A private citizen who transformed the world around him, Martin Luther King, Jr., was arguably the greatest American who ever lived Now, after than thirty years, few people understand how truly radical he was In this groundbreaking examination of the man and his legacy, provocative author, lecturer, and professor Michael Eric Dyson restores King s true vitality and complexity and challenges us to embrace the very contradictions that make King relevant in today s world....
|Title||:||I May Not Get There with You: The True Martin Luther King, Jr|
|Publisher||:||Free Press February 6, 2001|
|Number of Pages||:||432 pages|
|File Size||:||786 KB|
|Status||:||Available For Download|
|Last checked||:||21 Minutes ago!|
I May Not Get There with You: The True Martin Luther King, Jr Reviews
I'm learning a side of Dr. King I never knew. The side that resonates with my own thoughts and mindset. Great Book by Prof. Dyson
I grew up in the 60-70's with all the crap that the gov. was doing to everybody & anybody. I feel, just let people alone and live as they want, Black, White, Yellow or even dotted... Maybe they (gov.) should paymore attention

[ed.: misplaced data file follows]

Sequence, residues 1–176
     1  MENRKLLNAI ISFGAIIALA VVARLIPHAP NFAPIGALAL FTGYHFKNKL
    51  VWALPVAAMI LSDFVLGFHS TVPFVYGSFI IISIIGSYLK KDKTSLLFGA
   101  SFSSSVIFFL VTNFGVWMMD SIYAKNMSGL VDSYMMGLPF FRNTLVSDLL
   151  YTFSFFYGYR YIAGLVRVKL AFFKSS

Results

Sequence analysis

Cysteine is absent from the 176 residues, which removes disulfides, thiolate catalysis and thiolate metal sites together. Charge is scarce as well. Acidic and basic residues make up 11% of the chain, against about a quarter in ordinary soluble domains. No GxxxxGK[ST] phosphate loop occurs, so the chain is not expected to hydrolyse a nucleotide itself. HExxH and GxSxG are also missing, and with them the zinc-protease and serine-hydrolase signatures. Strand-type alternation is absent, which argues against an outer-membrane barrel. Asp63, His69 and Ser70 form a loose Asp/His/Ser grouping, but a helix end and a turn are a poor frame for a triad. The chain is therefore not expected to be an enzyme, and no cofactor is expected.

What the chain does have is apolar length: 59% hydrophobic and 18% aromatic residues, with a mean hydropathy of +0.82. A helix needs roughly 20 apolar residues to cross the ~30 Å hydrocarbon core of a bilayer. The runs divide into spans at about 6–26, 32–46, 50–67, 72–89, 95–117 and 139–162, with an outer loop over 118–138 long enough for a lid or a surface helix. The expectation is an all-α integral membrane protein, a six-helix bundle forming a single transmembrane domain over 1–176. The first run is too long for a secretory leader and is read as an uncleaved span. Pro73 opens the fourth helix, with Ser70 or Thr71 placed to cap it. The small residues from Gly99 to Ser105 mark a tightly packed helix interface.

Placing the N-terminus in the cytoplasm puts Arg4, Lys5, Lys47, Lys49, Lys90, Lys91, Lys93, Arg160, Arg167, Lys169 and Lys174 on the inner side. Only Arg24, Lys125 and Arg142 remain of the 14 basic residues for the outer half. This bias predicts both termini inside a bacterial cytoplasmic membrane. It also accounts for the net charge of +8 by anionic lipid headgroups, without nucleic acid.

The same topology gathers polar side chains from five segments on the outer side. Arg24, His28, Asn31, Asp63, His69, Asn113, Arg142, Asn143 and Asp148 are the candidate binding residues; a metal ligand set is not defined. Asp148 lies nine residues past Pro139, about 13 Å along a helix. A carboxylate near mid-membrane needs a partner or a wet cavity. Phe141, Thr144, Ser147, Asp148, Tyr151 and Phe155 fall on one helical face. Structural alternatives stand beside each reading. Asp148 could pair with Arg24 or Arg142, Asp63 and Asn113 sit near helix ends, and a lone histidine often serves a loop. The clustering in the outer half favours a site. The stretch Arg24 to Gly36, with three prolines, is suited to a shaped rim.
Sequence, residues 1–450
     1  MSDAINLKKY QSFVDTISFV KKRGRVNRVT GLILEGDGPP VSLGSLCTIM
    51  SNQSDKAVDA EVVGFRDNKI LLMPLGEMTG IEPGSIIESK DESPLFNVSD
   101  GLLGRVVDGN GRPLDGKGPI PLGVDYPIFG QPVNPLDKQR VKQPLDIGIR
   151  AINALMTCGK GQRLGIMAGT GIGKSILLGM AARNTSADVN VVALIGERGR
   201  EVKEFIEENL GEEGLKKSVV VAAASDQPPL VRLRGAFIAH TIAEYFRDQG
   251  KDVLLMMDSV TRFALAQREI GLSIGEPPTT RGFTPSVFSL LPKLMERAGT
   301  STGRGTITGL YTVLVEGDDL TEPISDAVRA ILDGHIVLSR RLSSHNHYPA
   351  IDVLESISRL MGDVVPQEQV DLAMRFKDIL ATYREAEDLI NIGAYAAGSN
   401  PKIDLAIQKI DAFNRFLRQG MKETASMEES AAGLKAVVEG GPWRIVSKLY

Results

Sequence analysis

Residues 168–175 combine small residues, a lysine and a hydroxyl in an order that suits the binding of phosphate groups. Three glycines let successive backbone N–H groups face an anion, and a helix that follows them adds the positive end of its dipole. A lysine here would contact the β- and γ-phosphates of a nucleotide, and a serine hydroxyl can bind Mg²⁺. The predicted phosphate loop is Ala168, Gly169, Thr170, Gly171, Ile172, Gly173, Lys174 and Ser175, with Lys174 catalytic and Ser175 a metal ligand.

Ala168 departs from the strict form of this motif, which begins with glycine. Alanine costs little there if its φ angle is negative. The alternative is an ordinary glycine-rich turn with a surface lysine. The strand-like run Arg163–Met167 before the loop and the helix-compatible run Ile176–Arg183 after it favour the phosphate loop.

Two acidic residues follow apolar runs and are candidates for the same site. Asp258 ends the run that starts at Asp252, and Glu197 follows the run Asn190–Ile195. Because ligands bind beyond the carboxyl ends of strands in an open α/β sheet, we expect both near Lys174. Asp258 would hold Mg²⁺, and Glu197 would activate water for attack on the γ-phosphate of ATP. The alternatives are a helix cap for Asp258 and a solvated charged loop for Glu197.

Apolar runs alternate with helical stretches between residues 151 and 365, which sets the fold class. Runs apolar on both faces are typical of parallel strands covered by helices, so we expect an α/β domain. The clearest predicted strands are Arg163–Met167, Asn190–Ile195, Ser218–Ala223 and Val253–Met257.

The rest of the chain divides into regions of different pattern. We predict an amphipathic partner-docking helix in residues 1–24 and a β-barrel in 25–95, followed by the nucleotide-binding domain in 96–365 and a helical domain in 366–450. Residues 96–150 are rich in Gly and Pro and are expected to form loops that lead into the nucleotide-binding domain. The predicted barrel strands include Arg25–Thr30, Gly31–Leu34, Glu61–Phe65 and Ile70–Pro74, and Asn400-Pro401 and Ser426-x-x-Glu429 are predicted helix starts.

I was contemplating not reviewing Michael Dyson's work because some of the other reviews hit the nail right on the head, however I suppose it is good to reiterate. The book is a great introduction to the Martin Luther King forgotten or abandoned by contemporary society; that is the socialist, militant, and moderate black nationalist Dr. King. If you are unaware of these philosophical currents in Dr. King's later work this book will come as an enlightening and thought provoking take on one of the 20th centuries greatest visionaries. Dyson quotes King at length thorough out the book to demonstrate his points and MLK's positions.
Michael Eric Dyson intends to reveal the "real" Martin Luther King, Jr., whom he posits was a much more radical figure than he is currently remembered as being. To what extent he has succeeded, and to what extent his argument is colored by his own politics, I am really not competent to say. I do think that his characterization of Shelby Steele's